Spindle, who wasn’t involved in the study, agrees that the findings could have important implications.
“These results are suggesting that it’s really difficult to say whether someone tested positive because of exposure to a legal source, which would be hemp, or an illegal source, which might be cannabis,” he noted.
After 4 weeks, seven participants (50%) tested positive for THC-COOH on a urinary drug screen. Gas chromatography–mass spectrometry results confirmed the assay findings but also showed that the drug screen was often more sensitive than its stated lower limit of detection (50 ng/mL).
CBD Use Increasing
At baseline, all 14 persons tested negative for THC–carboxylic acid (THC-COOH), a major metabolite of THC. The CBD product was formulated using a full-spectrum, high-CBD extract containing 9.97 mg/mL of CBD and 0.23 mg/mL of delta-9-THC.
Reached for comment, Tory Spindle, PhD, researcher with Johns Hopkins University School of Medicine, Baltimore, Maryland, said he was a “little bit surprised that half of participants tested positive, but we really had no data to know one way or the other, so this is a really pivotal study.”
The patients self-administered 1 mL of the product sublingually three times daily to achieve a targeted daily dose of 30 mg of CBD and less than 1 mg of delta-9-THC. The dosage was quantified using outgoing, rather than incoming, bottle weights and was cross-referenced with weekly drug diaries.
“[Our] results indicate this may not be true, especially if assays are more sensitive than advertised, underscoring the potential for adverse consequences, including loss of employment and legal or treatment ramifications, despite the legality of hemp-derived products,” they write.
For instance, producers can isolate CBD compounds after the oil is extracted from the stalks and seeds from hemp plants. This process leads to pure CBD, effectively eliminating any THC and other plant-based constituents from the end product. Once isolated, the CBD can be mixed with liquid oils that contain fatty acids to improve absorption.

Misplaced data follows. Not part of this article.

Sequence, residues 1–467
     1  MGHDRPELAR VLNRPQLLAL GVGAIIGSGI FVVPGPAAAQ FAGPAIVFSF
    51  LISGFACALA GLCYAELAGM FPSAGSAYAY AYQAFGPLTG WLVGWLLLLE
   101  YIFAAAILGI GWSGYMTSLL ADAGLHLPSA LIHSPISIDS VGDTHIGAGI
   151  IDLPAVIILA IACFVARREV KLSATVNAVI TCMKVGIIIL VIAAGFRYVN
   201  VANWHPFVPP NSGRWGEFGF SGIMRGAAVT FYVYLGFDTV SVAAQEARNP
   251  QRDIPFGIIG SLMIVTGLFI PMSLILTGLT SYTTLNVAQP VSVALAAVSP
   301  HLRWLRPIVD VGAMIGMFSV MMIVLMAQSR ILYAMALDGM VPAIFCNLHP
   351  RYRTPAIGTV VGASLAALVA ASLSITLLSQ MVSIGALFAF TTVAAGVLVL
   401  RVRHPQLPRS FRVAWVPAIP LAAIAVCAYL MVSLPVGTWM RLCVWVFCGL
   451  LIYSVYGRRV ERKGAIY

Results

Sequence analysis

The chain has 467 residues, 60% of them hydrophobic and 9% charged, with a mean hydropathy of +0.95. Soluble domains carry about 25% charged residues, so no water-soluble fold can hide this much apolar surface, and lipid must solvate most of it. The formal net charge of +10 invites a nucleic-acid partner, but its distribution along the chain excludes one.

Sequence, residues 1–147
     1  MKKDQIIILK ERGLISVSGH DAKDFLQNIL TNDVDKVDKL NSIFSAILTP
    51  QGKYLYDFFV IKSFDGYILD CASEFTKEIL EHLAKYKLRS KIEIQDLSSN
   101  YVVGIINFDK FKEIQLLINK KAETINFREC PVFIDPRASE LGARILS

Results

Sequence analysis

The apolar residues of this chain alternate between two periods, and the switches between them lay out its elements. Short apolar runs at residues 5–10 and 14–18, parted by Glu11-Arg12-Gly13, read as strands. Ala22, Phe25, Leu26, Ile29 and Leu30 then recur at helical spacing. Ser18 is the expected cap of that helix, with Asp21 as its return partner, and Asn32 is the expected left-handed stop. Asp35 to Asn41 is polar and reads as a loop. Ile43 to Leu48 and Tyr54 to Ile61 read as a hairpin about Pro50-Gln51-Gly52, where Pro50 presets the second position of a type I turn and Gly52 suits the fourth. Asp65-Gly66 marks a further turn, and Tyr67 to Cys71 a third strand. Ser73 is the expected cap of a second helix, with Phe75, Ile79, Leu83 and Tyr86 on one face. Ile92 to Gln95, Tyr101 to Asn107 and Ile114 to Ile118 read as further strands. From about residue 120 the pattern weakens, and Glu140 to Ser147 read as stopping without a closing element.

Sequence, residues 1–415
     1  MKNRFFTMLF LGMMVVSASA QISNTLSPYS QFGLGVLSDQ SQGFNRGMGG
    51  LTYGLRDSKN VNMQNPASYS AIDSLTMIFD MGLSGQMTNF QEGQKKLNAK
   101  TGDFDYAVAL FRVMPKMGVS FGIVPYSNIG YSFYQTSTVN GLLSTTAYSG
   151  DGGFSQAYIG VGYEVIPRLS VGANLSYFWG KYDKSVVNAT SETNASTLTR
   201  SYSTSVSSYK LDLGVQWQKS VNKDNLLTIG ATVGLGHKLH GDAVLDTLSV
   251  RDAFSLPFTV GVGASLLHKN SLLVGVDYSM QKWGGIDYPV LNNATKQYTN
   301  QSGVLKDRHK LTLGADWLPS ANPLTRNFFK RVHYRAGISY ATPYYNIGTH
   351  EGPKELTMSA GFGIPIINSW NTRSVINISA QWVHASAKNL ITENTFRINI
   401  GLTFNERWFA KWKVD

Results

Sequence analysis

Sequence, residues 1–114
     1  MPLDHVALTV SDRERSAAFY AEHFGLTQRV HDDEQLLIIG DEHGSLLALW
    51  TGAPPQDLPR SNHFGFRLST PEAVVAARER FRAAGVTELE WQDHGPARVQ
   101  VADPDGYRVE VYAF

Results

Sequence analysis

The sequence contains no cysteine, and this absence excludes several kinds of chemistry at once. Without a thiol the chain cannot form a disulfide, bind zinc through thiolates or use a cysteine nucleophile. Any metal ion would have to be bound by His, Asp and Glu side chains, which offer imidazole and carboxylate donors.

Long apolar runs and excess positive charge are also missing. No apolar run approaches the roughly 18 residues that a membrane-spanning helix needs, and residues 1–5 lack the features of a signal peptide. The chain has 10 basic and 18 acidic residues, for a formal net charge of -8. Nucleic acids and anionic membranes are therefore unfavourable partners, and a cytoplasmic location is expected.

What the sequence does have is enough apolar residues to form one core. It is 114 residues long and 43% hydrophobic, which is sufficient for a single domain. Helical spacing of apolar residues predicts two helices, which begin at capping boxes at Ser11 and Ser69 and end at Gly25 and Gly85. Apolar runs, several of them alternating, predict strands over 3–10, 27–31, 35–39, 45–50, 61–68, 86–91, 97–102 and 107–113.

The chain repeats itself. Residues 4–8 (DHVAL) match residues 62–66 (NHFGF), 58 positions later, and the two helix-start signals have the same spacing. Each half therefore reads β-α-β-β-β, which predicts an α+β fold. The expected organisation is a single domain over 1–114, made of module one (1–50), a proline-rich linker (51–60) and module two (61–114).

Although hemp-derived CBD products are available in states where recreational cannabis isn’t legal, some people might worry whether their use of CBD oil will show up on a drug test. Even in states where it is legal to buy THC-heavy cannabis from a retail store, some employers still screen employees for cannabis use. It’s a valid concern considering that even CBD products derived from hemp are legally permitted to contain traces of THC, 0.3% or less to be exact, perhaps leaving some consumers to wonder whether there’s a small amount of THC in their CBD oil — and whether that will show up on a drug test.
Cannabidiol (CBD) has recently surged into the therapeutic spotlight for its perceived anti-inflammatory, anti-anxiety, pain-relieving, and seizure-suppressing properties. It can be found in health and wellness aisles across the world — perhaps even at your local Walgreens or CVS — and comes in many forms, some of which include CBD oil, tinctures, edibles, elixirs, and more.
Should you worry about CBD oil showing up on a drug test?
While it’s possible that small amounts of THC that exist within a CBD product could accumulate and show up in a drug test, it’s still highly unlikely. Photo by: Gina Coleman/Weedmaps
But what if your CBD oil contains small traces of THC? Many top CBD manufacturers have products with no presence of THC. Although hemp-derived CBD products are legally allowed to contain a maximum of 0.3% THC, some prospective consumers may still be reluctant to try CBD that contains even a small amount of THC. Thankfully, there are ways to create hemp-derived CBD products without any hint of the intoxicating cannabis compound.
There are also different types of drug tests that can be used, all of which present different detection thresholds. For instance, a hair test is made to detect habitual substance use, so it will probably not raise any red flags even if you are consuming CBD oil that has low levels of THC.
To obtain a CBD oil drug test, an employer or entity would have to pay a testing company an additional charge to change their testing regimen to include CBD. When you consider that this non-intoxicating compound won’t get you high or impair your ability at work, there’s really no need for a CBD oil drug test.